I received a perplexing email this week. It read:

Hi. I am xxxxx-xxxxxx from WebSponsors. My company represents a leader in online criminal justice degrees.
They would like to buy a simple text ad on the bottom of your page (https://prisonphotography.wordpress.com/2009/02/28/the-feedback-of-exile-interview-with-stephen-tourlentes/). It would look like…
“criminal justice” or “justice degrees” — with a link to our client’s site.
We can pay $84 via PayPal ASAP for this ad.
Please let me know if you are interested. Thanks for your time & consideration.

I politely declined.

I am alarmed by the rise of for-profit education in the US, and I am particularly offended by online education. Not being in a classroom with a teacher and peers denies the personal exchange of ideas which is, in my opinion, the most valuable aspect of education.

I’m doubly offended by the rise of (what some refer to as) “cop schools.” They feed the bloated prison industrial complex and do nothing to question the broken policies that created the obese, expensive and overly punitive systems.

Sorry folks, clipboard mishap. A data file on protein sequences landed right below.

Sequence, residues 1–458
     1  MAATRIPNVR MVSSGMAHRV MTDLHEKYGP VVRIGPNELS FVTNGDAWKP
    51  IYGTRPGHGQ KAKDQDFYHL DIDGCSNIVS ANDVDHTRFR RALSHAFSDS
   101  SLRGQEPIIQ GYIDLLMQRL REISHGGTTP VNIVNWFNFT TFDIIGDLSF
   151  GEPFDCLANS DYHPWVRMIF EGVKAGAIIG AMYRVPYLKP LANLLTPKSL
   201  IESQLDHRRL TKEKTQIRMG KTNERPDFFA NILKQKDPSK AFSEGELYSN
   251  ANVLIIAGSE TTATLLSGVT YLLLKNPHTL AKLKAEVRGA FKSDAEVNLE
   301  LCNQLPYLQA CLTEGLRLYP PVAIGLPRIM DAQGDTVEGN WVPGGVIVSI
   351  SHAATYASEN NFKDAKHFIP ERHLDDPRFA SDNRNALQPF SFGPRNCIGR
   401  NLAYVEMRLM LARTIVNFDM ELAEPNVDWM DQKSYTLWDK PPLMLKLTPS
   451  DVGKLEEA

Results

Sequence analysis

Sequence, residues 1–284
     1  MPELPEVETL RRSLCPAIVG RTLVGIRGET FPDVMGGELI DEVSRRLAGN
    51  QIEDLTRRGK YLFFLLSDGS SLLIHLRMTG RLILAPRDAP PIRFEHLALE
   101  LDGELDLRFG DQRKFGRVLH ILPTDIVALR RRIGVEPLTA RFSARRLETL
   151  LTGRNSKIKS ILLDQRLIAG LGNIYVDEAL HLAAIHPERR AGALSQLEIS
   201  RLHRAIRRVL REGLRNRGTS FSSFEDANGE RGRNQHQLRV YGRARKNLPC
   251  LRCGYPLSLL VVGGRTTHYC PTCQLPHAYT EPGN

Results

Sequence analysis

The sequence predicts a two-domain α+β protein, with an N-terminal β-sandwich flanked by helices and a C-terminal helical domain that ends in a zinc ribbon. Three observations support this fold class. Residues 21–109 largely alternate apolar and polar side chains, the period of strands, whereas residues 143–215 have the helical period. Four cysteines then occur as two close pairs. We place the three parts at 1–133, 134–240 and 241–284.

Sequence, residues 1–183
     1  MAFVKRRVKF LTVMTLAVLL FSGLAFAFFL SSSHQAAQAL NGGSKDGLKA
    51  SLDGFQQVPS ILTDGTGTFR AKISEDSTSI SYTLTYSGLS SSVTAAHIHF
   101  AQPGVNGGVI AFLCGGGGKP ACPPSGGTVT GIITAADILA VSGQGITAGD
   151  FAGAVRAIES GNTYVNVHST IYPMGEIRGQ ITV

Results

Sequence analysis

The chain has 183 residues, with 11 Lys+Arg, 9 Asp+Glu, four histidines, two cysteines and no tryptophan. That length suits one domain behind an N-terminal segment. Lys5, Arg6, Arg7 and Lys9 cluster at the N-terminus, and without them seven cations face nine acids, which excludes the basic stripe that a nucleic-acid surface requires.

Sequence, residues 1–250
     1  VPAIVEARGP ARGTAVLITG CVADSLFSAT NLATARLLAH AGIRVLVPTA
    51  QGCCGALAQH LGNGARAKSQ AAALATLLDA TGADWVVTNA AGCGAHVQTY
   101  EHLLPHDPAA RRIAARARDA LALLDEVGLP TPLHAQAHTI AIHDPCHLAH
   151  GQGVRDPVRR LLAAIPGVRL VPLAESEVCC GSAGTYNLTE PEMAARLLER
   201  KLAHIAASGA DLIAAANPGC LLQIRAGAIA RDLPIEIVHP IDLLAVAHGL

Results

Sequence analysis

Read this article from the New York Times:

The report,“Subprime Opportunity” (PDF) by the Education Trust, found that in 2008, only 22 percent of the first-time, full-time bachelor’s degree students at for-profit colleges over all graduate within six years, compared with 55 percent at public institutions and 65 percent at private nonprofit colleges.

Among Phoenix’s online students, only 5 percent graduated within six years, and at the campuses in Cleveland and Wichita, Kan., only 4 percent graduated within six years.

“For-profits proudly claim to be models of access in higher education because they willingly open their doors to disadvantaged, underprepared students.” said José L. Cruz, a vice president for the trust. “But we must ask the question, ‘Access to what?’ ”